Evangelical Rationalism and Propositional Revelation

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Donald G. Bloesch


In any in-depth reflection on the ground of certainty in Christian thought, particularly as this bears on the intermeshing of Word and Spirit, it is fitting to explore the rationalist legacy within evangelicalism. I have often observed that one of the banes of modem evangelicalism is rationalism, although it is always necessary to point out that this is a believing rationalism. In such a perspective reason prepares the way for faith and confirms faith, but it does not procure faith. Rationalists in both Catholic and Reformation traditions have acknowledged the role of the Spirit in assisting the will to embrace what reason plainly shows to be true. In the deism and latitudinarianism of the seventeenth and eighteenth centuries, the Spirit was largely eclipsed by an emphasis on the universal logos and the omni competence of reason to discover and establish truth.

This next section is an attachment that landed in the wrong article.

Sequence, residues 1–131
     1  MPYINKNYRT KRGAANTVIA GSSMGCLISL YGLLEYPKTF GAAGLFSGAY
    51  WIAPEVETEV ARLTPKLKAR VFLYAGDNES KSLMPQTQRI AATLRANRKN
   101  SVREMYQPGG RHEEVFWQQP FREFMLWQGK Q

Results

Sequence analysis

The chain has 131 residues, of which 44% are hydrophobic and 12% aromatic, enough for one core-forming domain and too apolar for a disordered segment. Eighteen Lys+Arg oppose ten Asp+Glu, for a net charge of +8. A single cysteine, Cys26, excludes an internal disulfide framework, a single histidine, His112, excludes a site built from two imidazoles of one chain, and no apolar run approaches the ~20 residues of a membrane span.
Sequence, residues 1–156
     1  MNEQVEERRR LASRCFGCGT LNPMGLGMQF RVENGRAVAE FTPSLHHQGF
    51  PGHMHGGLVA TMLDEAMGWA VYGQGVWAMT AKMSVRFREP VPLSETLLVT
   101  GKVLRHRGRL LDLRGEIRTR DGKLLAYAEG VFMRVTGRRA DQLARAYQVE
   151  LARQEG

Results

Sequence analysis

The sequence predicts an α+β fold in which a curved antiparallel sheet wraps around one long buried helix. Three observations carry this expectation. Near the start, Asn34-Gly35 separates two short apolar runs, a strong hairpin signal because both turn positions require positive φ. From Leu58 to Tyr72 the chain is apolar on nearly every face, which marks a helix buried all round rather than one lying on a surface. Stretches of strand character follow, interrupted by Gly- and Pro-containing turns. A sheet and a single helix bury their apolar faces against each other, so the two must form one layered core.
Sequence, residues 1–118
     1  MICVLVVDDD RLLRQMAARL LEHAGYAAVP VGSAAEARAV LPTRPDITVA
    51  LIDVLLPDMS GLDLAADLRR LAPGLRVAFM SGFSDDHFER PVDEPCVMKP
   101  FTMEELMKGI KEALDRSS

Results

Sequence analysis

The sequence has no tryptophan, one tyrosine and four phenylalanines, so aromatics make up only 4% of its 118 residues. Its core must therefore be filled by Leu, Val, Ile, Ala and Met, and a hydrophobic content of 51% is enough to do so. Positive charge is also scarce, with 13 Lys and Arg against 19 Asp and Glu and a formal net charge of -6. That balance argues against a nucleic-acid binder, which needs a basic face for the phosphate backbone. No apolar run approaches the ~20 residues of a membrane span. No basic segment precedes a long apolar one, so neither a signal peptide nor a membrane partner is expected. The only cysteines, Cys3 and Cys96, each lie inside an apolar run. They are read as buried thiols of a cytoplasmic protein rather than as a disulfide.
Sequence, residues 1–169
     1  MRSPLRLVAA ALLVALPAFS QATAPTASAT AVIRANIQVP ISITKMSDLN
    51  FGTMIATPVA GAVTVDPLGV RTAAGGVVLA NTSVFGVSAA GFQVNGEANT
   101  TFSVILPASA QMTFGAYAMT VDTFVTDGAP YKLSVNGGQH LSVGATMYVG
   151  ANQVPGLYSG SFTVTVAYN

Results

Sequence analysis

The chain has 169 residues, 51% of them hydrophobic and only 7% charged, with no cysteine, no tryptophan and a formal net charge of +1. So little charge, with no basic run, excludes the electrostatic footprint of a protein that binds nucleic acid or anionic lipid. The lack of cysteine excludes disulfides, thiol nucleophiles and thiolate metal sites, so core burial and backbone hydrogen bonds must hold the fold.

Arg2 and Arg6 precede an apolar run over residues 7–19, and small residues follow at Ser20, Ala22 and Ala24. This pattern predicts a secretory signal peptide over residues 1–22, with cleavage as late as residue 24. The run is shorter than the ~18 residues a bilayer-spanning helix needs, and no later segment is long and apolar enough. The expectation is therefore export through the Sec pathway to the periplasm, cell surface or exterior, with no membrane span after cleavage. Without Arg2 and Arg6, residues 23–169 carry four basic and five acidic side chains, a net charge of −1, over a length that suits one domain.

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How to Cite
Bloesch, D. G. (1998). Evangelical Rationalism and Propositional Revelation. Reformed Review, 51(3), 169-182. Retrieved from https://repository.westernsem.edu/pkp/index.php/rr/article/view/1348
Faith and reason; Rationalism; Narrative theology; Philosophical theology; Evangelicalism; Theology